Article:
‘Flexible’, ‘secure’, ‘superior’. These are the words that industry experts have used to highlight the benefits of at-retirement innovation. Indeed, the UK’s retirement market is evolving and providers are starting to adapt to the growing demand for technology. Although default or guided pathways may not be the perfect solution to overcome retirement income issues, they would be a big step forward. But to make this a reality, the government needs an extra nudge, and industry must continue to innovate to help people reach good retirement outcomes.

What can the UK learn from ‘down under’?

In July 2017, the Australian government extended the tax exemption on earnings in the retirement phase – currently applicable to superannuation pensions – to other retirement products such as deferred lifetime annuities and in-house annuity products that superfunds, or other financial organisations may want to offer.

Deferred lifetime annuities are a form of lifetime annuity where income payments are delayed for a set amount of time – much like the models which are emerging in the UK. However, according to Harris, in Australia these are “becoming the norm”.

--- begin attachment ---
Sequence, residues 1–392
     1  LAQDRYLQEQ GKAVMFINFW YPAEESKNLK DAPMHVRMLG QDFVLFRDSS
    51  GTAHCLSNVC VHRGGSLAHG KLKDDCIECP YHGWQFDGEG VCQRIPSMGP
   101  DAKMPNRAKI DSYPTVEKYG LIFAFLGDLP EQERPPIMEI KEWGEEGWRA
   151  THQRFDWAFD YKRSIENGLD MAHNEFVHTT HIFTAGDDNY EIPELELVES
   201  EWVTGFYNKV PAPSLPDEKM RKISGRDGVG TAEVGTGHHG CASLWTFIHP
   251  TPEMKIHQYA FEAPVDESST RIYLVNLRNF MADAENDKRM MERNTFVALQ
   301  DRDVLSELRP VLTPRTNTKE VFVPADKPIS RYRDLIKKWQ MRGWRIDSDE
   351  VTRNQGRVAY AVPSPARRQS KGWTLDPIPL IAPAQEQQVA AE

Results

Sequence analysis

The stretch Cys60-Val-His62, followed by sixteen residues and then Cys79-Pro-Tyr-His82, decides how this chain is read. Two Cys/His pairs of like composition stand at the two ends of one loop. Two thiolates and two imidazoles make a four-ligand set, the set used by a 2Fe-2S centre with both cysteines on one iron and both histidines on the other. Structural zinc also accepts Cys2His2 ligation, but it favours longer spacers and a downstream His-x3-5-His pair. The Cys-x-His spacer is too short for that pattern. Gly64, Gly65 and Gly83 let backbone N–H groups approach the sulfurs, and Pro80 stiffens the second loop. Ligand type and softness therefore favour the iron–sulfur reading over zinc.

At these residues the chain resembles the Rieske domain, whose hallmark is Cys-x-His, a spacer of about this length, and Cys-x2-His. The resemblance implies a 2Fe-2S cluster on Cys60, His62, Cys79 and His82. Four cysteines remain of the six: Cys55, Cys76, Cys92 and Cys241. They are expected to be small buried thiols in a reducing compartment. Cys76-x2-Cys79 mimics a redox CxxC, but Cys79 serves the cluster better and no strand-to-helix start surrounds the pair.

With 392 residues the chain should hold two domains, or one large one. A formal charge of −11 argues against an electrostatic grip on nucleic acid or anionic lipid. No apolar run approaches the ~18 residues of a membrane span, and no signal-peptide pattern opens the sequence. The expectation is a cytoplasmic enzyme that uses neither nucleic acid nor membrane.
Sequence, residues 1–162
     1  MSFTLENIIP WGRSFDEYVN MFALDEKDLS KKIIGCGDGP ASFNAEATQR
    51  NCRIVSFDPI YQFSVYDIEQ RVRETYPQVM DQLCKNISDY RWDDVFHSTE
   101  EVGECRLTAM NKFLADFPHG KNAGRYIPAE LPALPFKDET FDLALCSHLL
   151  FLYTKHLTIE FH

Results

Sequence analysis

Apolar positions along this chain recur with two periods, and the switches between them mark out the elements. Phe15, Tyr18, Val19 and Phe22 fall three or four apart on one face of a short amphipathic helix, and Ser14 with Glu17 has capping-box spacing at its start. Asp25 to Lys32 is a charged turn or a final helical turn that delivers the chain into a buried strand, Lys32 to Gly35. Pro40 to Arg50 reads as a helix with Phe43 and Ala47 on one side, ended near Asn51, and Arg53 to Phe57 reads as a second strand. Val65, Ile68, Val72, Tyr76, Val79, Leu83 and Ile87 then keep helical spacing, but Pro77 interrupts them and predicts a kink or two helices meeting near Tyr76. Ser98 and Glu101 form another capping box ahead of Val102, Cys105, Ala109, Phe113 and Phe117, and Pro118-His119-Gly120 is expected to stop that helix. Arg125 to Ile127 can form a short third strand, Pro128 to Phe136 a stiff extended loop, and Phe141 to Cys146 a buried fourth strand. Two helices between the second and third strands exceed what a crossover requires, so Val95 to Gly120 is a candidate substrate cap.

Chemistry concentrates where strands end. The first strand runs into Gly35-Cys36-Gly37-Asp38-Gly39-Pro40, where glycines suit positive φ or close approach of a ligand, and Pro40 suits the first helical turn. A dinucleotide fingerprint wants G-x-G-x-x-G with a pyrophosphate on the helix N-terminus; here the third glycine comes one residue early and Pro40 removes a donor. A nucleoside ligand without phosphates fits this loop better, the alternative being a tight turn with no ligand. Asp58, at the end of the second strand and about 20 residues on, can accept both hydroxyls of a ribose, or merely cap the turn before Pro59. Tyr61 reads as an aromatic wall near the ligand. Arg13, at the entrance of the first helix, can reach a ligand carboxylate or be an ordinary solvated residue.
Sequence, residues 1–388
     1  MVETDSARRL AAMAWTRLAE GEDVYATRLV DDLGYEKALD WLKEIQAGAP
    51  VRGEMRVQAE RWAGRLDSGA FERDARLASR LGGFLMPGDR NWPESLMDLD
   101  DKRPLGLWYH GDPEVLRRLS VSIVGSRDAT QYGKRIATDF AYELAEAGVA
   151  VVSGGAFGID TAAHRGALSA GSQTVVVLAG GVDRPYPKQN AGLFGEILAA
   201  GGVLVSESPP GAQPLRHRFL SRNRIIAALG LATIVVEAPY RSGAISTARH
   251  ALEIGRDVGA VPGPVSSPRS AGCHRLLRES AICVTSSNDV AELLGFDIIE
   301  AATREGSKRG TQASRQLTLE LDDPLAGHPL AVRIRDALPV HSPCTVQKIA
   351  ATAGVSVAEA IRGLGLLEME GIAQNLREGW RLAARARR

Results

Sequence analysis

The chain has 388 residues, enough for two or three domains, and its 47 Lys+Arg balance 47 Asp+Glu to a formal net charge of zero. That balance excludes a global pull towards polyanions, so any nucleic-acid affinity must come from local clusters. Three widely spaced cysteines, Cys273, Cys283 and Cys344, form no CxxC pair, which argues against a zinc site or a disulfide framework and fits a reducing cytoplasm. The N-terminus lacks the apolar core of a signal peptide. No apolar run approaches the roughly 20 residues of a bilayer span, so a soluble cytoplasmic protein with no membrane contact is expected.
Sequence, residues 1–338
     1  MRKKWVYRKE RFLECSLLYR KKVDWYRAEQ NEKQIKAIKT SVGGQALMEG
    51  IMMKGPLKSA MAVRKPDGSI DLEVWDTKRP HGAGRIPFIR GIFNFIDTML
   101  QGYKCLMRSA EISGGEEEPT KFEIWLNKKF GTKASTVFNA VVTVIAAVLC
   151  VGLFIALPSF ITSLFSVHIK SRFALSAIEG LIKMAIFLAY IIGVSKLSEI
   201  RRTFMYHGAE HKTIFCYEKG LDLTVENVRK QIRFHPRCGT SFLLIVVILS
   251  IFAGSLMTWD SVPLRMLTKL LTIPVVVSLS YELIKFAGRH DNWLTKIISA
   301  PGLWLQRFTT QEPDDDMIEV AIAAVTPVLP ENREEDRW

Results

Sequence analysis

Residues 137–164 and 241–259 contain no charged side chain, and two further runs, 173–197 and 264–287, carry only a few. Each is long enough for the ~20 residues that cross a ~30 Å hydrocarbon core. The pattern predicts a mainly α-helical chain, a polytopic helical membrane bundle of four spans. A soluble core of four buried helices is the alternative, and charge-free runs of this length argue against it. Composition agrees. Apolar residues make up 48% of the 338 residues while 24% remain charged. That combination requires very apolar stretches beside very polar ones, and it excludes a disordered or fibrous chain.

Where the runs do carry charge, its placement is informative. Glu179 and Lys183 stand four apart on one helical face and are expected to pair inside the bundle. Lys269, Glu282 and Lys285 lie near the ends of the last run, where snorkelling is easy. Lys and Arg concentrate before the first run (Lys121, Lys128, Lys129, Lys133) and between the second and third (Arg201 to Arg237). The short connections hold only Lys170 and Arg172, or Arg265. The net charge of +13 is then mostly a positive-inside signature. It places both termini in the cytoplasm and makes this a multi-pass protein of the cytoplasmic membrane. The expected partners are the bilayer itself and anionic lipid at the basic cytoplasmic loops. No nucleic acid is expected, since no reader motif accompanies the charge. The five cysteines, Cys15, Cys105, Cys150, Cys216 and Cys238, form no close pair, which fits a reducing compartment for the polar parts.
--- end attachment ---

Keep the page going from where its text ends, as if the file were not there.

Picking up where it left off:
He says: “This is critical. I think it will be five to 10 years before the UK catches up.” According to the Australian government’s website, the term ‘innovative retirement income stream’ covers a range of lifetime products that did not meet the annuity and pension standards prior to 2017 tax changes.

The government identifies these key elements which must be met for a retirement product to be considered an innovative income stream: Similar to an ordinary account-based income stream, the fund is not able to start paying benefits until the individual has met a nil-cashing restriction condition of release; once benefit payments start they must be made at least annually and payable for the individual’s remaining lifetime, along with any primary or revisionary beneficiaries; restrictions on the amount that can be commuted to a lump sum or rollover purposes, which apply after the income stream is in the retirement phase. The restrictions are based on a declining capital access schedule.